Five Holiday Treats that May Lead to Ho-Ho-Holes in Your Teeth
Delta Dental advises consumers to practice moderation and eat smart during the holiday season.
OAK BROOK, Ill. (December 5, 2013) - The old adage "too much of a good thing" is never more true than during the holiday season. There tends to be an overabundance of everything—especially sweet treats. While it's impractical to suggest complete avoidance of holiday goodies, Delta Dental encourages moderation to make sure you receive the gift of great oral health!
Here are five common treats to limit during the holidays:
Cookies, candy and sweet holiday beverages all have at least one main ingredient in common: sugar, whose negative effect on teeth has been well-documented. Why is sugar so bad for your teeth? It mixes with bacteria in the sticky plaque that constantly forms on teeth to produce acid that attacks tooth enamel. The stickiness of that plaque keeps those harmful acids against the teeth, which contributes to tooth decay.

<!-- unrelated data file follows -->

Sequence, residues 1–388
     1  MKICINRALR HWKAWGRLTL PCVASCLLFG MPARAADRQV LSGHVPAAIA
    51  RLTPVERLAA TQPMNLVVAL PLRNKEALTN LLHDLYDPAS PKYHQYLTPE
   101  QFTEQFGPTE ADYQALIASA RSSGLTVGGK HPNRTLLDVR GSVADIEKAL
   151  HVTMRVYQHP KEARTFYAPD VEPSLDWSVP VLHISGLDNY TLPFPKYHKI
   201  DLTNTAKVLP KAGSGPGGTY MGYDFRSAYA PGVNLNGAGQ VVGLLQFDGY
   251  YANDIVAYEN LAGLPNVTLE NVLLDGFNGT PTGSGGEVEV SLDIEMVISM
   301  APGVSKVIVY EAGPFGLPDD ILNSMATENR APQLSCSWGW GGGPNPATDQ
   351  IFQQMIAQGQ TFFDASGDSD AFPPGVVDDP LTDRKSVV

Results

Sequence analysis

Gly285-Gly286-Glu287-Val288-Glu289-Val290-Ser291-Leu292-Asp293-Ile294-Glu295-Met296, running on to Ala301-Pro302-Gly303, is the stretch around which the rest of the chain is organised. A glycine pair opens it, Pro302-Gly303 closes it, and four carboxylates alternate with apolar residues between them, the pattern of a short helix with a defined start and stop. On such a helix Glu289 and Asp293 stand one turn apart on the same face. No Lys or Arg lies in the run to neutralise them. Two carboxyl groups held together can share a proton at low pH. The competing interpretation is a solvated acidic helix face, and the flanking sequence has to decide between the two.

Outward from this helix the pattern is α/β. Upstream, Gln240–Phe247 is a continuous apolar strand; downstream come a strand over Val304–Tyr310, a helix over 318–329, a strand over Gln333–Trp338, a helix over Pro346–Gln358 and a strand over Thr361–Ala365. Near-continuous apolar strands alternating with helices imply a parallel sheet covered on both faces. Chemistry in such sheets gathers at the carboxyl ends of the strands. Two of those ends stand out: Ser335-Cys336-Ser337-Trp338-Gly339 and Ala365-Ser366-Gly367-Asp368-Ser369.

"No one wants to be the Grinch about enjoying all the special experiences of the holidays, particularly the tasty treats that are usually around," said Dr. Bill Kohn, DDS, Delta Dental Plans Association's vice president for dental science and policy. "Try to enjoy in moderation, and if you find yourself overindulging, perhaps spend some extra time flossing and brushing at least twice a day with a fluoride toothpaste."
When you do indulge your holiday sweet tooth, it's best to enjoy goodies as part of, or immediately following a meal, rather than snacking on treats throughout the day. Another good tip to is to stick to one small serving of your favorite drink or snack and to follow up by swishing around some water, chew sugar-free gum, or brush soon after finishing to wash away some of the sticky sugar residue.
1USDA. Basic Food Report: Eggnog. http://nutritiondata.self.com/facts/dairy-and-egg-products/55/2